66th Culinary Job Training Program Graduation!

There’s always a special light in our eyes and an extra kick in our step on Graduation Days.  The hallways buzz with activity from decorating to heavy-lifting as the Food Shuttle staff transform our warehouse into a dining hall for one of our favorite days of the year. It’s the day our Culinary Job Training students become GRADUATES, when 11 weeks of learning knife skills, struggling with life’s challenges, and persevering through the moments of fear and resignation, finally pay off. ShrimpScampi

Friday, Sept. 19,  Yolanda Crudup and Carolyn Williams reaped the rewards of their efforts. They received not only their certificates of completion and ServSafe certifications, but also the accolades of their family and friends who gathered to share in the students’ final test: a graduation feast. After filling themselves on broccoli-apple salad, shrimp and spinach pasta, roast beef, and other delicacies, the crowd “voted” unanimously with loud cheers of approval. We asked Carolyn and Yolanda to share what Culinary Job Training meant to them:

What are the most important things you learned?

Yolanda: “How to stay motivated, stay focused, and stay on track towards my goals. Also professional cleanliness and sanitation.”   (Yolanda earned our first award given for the highest GPA in ServSafe certification, The Sameer Ishwar Murarka Memorial Foundation Award in memory of a Sodexo food service employee.)

Carolyn:  “Adjusting my attitude from a 1 to a 10, how to smile and talk with people,  how to trust people, and how to cook in quantity and eat healthy.”

How will you use what you have learned?JillAndGrads

Yolanda:  “I want to own my own bakery.” Carolyn:  “I will work with the elderly, serving other people with my cooking skills.

Many thanks to our partners and supporters who make this program possible:

  • Community Workforce Solutions for student referrals and student preparation
  • Wake County Human Services for student referrals and workshops
  • Centerplate Catering for hosting field trips, donating chef jackets and hiring graduates
  • IFFS staff,  Chef Terri Hutter and social worker Sharon Mitchell for their compassionate and relentless coaching and teaching
  • Vocational Rehabilitation for job coaching and referrals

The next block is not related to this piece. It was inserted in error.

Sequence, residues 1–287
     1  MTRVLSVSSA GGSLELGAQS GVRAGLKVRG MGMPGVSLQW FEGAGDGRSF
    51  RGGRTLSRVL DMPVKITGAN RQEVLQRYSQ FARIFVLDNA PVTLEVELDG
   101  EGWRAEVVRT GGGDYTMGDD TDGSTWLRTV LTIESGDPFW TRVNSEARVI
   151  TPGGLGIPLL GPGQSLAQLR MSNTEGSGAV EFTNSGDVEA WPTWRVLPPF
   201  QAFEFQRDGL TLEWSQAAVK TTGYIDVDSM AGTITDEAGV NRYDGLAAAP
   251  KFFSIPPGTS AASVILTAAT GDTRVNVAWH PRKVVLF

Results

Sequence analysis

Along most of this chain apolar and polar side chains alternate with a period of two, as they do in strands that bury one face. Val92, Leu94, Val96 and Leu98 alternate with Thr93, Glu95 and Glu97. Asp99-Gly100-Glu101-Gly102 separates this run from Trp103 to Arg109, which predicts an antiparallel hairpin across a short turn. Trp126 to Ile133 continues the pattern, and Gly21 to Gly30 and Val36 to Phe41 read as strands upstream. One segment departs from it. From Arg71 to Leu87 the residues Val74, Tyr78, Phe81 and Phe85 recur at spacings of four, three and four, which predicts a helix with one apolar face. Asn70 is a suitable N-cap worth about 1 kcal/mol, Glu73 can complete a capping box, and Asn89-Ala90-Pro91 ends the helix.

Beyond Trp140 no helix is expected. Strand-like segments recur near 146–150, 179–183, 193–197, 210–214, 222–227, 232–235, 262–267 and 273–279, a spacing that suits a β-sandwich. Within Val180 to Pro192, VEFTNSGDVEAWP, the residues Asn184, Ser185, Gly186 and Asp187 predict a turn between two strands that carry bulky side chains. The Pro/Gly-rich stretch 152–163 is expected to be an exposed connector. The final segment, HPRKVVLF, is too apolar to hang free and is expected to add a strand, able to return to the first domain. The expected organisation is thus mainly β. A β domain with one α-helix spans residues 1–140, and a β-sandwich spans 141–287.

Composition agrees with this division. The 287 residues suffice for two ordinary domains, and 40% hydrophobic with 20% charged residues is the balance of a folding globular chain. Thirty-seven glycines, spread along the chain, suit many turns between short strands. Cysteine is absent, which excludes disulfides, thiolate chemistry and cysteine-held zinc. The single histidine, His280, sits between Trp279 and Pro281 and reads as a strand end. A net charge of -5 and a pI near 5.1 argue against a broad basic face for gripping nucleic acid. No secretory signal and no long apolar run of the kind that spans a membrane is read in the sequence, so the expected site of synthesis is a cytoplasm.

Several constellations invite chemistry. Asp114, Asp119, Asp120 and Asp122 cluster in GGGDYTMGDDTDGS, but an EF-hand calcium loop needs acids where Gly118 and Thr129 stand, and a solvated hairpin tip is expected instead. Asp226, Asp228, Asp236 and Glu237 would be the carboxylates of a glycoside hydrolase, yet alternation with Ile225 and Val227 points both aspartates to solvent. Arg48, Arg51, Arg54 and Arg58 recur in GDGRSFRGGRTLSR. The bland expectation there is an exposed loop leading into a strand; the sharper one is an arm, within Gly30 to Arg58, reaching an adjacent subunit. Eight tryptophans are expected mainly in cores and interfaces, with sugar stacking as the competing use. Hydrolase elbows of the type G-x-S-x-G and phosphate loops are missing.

• Jobs For Life for job coaching and referrals

And last but not least, the family and friends who encouraged, cajoled, prodded, and loved Yolanda and Carolyn towards their goals of self-sufficiency.

“Give a man a fish, you have fed him for today. Teach a man to fish, and you have fed him for a lifetime.”

[box type="note" size="medium" border="full"]If you want to support the IFFS Culinary Job Training Program, donate here.[/box]

About the Culinary Job Training Program

There is no better illustration of “We feed. We teach.We grow.” than the Culinary Job Training Program (CJTP).  This program prepares adults with severe life challenges for careers in food service during an eleven-week hands-on course taught by Chef Terri Hutter and  social worker Sharon Mitchell.  Housed at our headquarters in Raleigh at the Vernon Malone Center (1001 Blair Drive), our commercial kitchen is the teaching hub for CJTP. We share the facility with Meals on Wheels as part of the Food Runners Collaborative, an efficient multi-use hunger-relief operation that makes every dollar go further.

Each week, food recovered from a variety of donors is delivered to CJTP by IFFS Food Recovery trucks. Students learn to cook and freeze this food into nutritious, well-balanced meals (up to 2000 meals per week!), which are then delivered to local soup kitchens and children’s programs. This helps these small non-profits use their limited funds for services rather than for food.

By Cindy Sink, IFFS Director of Marketing & Communications. Contact: Cindy@FoodShuttle.org